I'd say what is confusing about the definition above is that it doesn't make clear that the binary operation is part of the monoid - it only asserts the existence of the operation on the set. For example, the above definition would make $\mathbb N$ a monoid because there exists an associative binary operation blah blah blah. But there are many such associative binary operations on $\mathbb N$.
It should really say, "A monoid is a pair $(M,\star)$ where $M$ is a set and $\star$ is an associative binary operation $\star:M\times M\rightarrow M$, such that there exists an $i\in M$ statisfying $i\star m = m\star i = m$ for all $m\in M$.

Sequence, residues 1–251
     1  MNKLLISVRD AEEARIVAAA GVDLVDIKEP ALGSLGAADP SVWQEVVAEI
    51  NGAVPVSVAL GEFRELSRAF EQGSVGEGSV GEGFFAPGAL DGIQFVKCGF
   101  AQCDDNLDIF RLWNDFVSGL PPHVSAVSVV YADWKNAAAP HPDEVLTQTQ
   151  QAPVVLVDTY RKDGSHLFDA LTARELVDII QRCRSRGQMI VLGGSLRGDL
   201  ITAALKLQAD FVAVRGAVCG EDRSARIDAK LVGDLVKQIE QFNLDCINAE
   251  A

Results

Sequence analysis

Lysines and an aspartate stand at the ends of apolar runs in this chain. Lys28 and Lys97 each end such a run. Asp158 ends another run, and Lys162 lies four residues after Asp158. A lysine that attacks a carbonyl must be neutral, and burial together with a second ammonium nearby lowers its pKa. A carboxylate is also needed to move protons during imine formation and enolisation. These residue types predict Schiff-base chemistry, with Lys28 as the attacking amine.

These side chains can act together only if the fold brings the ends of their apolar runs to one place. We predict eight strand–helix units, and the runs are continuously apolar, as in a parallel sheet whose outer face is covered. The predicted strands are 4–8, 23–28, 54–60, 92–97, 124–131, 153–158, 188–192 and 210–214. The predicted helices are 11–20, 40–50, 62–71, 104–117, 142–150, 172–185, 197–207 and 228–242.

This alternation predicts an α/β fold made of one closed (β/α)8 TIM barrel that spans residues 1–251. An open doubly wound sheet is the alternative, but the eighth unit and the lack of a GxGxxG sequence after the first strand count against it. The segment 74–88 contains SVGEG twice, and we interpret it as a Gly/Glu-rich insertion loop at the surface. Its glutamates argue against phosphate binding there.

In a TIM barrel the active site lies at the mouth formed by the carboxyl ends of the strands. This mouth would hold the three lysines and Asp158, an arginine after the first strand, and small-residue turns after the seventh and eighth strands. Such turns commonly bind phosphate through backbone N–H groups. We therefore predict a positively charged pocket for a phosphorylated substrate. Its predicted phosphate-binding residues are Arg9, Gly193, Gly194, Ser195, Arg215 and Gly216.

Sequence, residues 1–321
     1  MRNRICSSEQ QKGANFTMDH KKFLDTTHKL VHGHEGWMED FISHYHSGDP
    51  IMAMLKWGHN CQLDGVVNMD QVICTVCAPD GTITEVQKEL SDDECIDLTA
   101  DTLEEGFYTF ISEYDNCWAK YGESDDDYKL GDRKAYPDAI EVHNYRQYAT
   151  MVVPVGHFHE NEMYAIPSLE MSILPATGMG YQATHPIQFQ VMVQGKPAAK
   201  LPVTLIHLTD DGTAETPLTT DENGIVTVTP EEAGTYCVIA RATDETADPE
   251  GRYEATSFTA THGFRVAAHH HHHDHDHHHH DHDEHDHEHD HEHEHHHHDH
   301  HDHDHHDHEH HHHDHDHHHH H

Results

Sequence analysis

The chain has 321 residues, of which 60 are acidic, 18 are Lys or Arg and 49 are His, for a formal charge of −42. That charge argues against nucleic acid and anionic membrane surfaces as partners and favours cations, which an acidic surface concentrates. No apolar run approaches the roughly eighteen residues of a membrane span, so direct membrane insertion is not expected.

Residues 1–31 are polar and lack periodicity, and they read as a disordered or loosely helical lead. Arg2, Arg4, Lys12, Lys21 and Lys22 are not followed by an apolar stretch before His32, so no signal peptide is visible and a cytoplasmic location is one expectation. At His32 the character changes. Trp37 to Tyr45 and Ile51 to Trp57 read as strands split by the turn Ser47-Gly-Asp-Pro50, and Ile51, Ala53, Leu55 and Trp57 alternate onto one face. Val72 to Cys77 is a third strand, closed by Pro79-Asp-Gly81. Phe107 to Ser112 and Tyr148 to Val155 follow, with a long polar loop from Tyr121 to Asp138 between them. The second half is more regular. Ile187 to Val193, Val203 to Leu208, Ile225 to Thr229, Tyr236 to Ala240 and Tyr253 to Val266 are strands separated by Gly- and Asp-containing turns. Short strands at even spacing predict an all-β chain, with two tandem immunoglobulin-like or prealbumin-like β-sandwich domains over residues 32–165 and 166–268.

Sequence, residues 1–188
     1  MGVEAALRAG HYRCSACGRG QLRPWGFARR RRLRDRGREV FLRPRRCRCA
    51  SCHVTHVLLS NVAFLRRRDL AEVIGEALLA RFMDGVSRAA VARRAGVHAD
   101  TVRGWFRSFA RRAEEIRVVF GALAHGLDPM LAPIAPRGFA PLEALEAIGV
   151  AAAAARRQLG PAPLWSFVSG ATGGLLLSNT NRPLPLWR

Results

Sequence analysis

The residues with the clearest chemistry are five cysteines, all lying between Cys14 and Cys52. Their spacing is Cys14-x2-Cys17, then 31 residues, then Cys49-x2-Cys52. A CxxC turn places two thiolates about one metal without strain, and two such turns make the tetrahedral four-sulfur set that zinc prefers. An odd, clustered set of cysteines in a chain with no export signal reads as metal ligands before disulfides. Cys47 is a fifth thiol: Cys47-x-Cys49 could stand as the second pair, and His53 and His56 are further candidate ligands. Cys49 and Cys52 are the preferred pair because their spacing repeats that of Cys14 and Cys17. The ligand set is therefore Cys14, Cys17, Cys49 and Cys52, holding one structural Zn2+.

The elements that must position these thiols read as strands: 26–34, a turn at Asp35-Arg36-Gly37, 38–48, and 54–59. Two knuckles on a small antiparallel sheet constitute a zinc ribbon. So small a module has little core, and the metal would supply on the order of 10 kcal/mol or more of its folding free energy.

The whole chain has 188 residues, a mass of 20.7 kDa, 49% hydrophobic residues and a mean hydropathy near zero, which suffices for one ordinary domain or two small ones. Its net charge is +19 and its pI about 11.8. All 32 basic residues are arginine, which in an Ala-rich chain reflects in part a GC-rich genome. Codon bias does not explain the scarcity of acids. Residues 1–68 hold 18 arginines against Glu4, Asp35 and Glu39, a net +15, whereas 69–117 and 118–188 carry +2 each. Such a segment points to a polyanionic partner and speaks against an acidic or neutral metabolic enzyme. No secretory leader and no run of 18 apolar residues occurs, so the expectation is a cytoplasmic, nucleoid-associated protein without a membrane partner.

In particular, when the definition above says: $Ia=aI=a$, that is shorthand for the operation $I\star a = a\star I = a$.
Oh, and the only reason we tend to write monoids in a "multiplicative form," rather than more like addition, is that addition, in almost all instances, is commutative: $a+b=b+a$. But multiplication in many instances is not - for instance, matrix multiplication is not commutative. So we usually think of the monoid operation as being "like" multiplication.